The Institute of IT Training (IITT) has launched a series of certification tracks for e-learning professionals, following concerns about skills in the industry.
The certified e-learning professional programmes for e-learning consultants, developers, tutors and managers are based on competency frameworks developed by an advisory board which includes representatives from the Open University, national training organisation eSkills NTO and training company KnowledgePool.
Nick Mitchell, chief executive of the IITT, said that research consistently highlighted a lack of skills as the major barrier to implementing e-learning effectively.
"That includes developing a strategy for a blended solution and being able to tutor learners and motivate them to achieve the best results," he explained.
The problem is compounded by training professional "Luddites" who had adopted a defensive approach to e-learning because of concerns about their jobs, added Mitchell.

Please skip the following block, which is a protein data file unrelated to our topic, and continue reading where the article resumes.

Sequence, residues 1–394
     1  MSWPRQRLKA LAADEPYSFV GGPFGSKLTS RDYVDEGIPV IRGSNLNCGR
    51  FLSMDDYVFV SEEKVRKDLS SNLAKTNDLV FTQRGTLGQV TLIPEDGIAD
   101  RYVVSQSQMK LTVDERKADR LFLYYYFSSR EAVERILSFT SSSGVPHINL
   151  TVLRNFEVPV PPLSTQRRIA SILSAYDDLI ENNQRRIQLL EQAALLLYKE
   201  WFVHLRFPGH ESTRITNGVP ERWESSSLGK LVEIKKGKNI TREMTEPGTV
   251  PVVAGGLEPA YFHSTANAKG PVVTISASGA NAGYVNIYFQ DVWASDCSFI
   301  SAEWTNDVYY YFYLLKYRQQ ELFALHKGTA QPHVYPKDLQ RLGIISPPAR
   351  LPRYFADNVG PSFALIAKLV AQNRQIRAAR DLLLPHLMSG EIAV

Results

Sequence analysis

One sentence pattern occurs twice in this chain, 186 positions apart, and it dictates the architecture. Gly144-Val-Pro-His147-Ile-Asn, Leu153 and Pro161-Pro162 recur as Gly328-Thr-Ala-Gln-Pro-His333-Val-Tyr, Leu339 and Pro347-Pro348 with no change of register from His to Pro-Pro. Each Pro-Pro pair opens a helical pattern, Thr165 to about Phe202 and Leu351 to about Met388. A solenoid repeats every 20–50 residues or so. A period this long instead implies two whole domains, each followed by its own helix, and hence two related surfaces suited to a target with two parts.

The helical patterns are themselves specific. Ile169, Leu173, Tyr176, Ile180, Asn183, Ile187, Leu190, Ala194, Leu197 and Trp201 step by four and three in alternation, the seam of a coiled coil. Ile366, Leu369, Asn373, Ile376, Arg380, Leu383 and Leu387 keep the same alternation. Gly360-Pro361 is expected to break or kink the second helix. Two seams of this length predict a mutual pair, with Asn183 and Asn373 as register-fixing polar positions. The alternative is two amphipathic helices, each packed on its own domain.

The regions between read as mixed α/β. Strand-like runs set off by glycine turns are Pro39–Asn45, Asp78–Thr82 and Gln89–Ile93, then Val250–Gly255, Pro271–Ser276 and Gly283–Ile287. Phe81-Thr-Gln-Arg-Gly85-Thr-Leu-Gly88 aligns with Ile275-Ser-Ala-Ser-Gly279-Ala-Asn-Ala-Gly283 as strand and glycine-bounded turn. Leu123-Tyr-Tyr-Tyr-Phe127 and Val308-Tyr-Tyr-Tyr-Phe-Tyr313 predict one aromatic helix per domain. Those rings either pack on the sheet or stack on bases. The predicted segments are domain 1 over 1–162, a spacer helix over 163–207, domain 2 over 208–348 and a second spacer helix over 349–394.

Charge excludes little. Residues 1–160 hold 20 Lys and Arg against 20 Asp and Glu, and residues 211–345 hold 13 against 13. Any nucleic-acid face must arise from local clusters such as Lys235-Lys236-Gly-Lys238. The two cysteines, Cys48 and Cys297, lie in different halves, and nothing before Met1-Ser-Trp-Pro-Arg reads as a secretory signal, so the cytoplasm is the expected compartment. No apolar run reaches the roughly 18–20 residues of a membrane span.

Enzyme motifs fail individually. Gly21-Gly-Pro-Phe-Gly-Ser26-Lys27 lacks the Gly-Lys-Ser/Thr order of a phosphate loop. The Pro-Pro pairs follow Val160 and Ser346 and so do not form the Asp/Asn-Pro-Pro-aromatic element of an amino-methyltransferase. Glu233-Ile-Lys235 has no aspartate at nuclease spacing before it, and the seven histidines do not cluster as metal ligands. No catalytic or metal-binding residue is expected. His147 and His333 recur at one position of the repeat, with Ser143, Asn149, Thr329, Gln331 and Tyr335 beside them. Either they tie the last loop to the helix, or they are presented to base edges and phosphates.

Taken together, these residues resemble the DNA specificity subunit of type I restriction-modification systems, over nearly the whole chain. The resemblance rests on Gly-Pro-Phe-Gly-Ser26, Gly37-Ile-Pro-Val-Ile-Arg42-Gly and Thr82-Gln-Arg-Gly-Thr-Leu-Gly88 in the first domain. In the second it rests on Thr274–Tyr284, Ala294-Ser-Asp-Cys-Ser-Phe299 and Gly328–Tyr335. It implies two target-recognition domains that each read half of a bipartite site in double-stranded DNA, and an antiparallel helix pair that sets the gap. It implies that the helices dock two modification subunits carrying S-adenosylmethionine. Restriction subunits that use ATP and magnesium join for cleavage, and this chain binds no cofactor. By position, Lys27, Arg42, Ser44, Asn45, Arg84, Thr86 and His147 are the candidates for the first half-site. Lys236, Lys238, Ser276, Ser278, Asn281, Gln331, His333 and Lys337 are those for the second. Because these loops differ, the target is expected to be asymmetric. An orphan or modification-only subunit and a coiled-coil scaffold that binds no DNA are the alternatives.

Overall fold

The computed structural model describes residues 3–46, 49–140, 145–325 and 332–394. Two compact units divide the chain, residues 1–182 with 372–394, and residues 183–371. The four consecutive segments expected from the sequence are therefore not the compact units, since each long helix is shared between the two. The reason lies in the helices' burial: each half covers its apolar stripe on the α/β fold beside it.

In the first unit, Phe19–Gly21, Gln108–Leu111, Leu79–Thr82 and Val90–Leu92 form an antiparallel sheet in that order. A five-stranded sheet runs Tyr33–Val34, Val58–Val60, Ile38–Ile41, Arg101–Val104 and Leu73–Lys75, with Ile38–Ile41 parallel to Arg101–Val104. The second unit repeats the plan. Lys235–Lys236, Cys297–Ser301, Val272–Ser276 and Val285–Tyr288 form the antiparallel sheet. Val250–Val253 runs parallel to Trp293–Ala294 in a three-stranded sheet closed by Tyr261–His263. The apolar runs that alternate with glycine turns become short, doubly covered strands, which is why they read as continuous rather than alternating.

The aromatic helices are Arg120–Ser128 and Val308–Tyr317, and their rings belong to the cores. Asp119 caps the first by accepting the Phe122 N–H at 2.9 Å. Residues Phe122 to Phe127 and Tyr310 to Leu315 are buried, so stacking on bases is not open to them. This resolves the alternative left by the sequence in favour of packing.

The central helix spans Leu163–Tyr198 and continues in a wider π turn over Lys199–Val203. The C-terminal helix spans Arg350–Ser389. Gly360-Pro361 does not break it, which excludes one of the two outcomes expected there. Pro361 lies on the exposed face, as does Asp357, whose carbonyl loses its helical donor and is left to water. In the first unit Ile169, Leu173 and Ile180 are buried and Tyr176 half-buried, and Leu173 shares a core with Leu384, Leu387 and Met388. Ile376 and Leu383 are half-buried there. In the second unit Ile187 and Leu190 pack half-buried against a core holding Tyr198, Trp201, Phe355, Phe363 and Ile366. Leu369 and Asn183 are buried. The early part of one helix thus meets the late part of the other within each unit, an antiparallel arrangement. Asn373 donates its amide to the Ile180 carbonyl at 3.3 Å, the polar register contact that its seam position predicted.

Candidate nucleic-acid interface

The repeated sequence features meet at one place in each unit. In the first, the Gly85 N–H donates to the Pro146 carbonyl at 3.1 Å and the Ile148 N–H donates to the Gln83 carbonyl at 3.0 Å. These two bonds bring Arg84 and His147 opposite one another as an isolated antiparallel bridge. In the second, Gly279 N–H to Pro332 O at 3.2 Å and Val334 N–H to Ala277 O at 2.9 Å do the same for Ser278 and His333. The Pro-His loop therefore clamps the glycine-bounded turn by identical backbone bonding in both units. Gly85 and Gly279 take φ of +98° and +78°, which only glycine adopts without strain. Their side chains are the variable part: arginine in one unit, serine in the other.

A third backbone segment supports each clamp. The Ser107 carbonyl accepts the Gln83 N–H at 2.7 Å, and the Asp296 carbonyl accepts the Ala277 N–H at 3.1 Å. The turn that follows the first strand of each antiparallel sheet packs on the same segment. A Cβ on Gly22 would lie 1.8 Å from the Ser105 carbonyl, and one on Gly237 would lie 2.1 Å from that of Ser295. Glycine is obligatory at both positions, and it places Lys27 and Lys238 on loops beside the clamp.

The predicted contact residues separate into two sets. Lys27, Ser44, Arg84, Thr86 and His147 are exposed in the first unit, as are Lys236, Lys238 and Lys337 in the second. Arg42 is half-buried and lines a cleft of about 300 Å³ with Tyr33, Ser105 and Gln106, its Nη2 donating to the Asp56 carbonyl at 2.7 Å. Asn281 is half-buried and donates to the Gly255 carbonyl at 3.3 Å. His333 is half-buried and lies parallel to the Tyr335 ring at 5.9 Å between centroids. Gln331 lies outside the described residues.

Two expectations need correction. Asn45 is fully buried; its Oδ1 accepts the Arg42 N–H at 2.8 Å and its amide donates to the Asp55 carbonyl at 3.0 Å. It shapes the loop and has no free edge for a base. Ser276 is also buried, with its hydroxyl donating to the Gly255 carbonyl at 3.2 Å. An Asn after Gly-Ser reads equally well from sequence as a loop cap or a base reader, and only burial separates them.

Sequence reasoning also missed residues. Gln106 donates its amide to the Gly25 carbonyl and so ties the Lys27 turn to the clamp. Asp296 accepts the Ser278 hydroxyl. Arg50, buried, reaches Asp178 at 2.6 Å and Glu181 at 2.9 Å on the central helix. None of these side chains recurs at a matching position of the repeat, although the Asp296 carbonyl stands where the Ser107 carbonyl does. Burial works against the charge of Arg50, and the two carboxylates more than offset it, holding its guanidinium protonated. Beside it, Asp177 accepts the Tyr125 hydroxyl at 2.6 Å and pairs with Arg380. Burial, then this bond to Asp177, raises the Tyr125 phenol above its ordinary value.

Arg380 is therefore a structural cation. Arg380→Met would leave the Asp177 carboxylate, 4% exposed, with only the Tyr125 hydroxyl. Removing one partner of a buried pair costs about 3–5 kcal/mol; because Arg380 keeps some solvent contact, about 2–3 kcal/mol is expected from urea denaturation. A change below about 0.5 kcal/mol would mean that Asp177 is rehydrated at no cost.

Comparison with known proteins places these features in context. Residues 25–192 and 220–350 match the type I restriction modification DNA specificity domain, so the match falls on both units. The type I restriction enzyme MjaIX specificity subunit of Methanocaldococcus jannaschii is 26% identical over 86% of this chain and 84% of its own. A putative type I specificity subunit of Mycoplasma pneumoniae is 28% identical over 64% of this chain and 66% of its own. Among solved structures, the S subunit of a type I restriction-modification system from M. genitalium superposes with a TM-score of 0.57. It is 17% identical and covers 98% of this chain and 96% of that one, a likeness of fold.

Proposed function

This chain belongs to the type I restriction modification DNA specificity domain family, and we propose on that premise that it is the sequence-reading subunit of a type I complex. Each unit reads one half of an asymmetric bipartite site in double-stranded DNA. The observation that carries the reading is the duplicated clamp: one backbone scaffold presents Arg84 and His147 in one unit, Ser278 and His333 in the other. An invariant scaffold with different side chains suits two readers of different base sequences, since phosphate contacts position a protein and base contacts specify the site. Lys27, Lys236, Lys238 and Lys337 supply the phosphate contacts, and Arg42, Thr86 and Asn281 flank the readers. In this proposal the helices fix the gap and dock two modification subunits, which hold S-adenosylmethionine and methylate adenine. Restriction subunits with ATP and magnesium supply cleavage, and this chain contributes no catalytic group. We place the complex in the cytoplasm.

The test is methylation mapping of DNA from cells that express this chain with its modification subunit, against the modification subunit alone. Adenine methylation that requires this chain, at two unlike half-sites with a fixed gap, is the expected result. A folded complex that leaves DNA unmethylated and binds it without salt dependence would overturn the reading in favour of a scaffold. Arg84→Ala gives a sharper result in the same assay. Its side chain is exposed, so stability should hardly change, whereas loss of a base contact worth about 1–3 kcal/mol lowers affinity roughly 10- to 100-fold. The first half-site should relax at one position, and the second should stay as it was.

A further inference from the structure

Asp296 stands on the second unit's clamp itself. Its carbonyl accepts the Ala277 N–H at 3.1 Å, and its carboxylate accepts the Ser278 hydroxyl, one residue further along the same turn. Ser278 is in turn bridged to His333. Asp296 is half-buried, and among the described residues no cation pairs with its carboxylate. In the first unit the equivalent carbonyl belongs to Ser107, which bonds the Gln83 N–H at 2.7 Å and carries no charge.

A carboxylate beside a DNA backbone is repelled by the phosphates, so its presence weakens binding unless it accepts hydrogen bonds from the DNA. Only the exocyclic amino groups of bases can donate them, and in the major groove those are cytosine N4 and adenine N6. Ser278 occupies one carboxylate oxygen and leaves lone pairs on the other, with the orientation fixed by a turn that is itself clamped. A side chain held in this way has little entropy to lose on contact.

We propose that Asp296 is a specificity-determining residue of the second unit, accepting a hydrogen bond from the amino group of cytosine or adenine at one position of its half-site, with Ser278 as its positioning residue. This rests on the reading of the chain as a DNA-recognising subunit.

"What will really unlock the power of e-learning will be the capacity to develop your own e-learning content and roll it out effectively. But you can't rely on external companies to do that for you because they don't know your business," he said.
The certification badge would offer reassurance to companies which needed skilled professionals to roll out e-learning projects.
"A lot of consultants don't understand what they're doing," explained Mitchell. "People are dressing themselves up as e-learning consultants but, if you're going to implement an e-learning strategy for your company, you need to be really up to date with technology, products and skills."
A background in training is not essential to enrol on the courses, but the IITT warns that some understanding of the principles of learning theory, and some experience in a teaching or training role, offers a significant advantage.
The certification tracks involve more than 300 hours of online learning materials and online tutorial support, and cost between £1,500 and £2,000 each.
The Chartered Institute of Personnel and Development already offers a certificate in online learning, but Mitchell maintained that it only scratched the surface of the knowledge needed by e-learning professionals. "It's had virtually no impact on the industry," he said.
Sheila McGovern, a research analyst at IDC, blamed a lack of customer demand for the low take up of e-learning certification. "However, a lack of standards is an issue in the e-learning market, so this is bound to be a good thing," she said.
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